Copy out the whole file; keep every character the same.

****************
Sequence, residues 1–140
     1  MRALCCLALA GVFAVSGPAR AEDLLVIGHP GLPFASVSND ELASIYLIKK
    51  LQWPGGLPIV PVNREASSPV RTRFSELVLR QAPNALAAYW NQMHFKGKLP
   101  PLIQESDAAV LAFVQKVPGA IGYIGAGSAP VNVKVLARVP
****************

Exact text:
Sequence, residues 1–140
     1  MRALCCLALA GVFAVSGPAR AEDLLVIGHP GLPFASVSND ELASIYLIKK
    51  LQWPGGLPIV PVNREASSPV RTRFSELVLR QAPNALAAYW NQMHFKGKLP
   101  PLIQESDAAV LAFVQKVPGA IGYIGAGSAP VNVKVLARVP